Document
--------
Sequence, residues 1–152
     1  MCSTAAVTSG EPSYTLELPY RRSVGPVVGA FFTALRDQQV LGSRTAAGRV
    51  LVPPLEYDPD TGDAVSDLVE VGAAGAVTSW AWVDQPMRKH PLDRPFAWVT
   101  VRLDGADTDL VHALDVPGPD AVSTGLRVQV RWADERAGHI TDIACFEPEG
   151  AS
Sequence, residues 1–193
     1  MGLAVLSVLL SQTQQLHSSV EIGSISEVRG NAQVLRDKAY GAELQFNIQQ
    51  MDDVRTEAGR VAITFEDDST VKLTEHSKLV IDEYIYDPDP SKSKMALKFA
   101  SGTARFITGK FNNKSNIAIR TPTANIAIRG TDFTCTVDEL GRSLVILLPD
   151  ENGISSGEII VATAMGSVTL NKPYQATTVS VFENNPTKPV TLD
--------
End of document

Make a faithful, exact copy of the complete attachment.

Sequence, residues 1–152
     1  MCSTAAVTSG EPSYTLELPY RRSVGPVVGA FFTALRDQQV LGSRTAAGRV
    51  LVPPLEYDPD TGDAVSDLVE VGAAGAVTSW AWVDQPMRKH PLDRPFAWVT
   101  VRLDGADTDL VHALDVPGPD AVSTGLRVQV RWADERAGHI TDIACFEPEG
   151  AS
Sequence, residues 1–193
     1  MGLAVLSVLL SQTQQLHSSV EIGSISEVRG NAQVLRDKAY GAELQFNIQQ
    51  MDDVRTEAGR VAITFEDDST VKLTEHSKLV IDEYIYDPDP SKSKMALKFA
   101  SGTARFITGK FNNKSNIAIR TPTANIAIRG TDFTCTVDEL GRSLVILLPD
   151  ENGISSGEII VATAMGSVTL NKPYQATTVS VFENNPTKPV TLD